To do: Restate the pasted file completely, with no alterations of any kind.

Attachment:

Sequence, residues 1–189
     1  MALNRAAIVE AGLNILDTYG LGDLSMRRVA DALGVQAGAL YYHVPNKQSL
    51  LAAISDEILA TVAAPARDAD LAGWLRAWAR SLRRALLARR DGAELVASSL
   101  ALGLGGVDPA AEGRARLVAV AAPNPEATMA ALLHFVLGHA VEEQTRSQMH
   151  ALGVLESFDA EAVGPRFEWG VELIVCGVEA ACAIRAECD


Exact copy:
Sequence, residues 1–189
     1  MALNRAAIVE AGLNILDTYG LGDLSMRRVA DALGVQAGAL YYHVPNKQSL
    51  LAAISDEILA TVAAPARDAD LAGWLRAWAR SLRRALLARR DGAELVASSL
   101  ALGLGGVDPA AEGRARLVAV AAPNPEATMA ALLHFVLGHA VEEQTRSQMH
   151  ALGVLESFDA EAVGPRFEWG VELIVCGVEA ACAIRAECD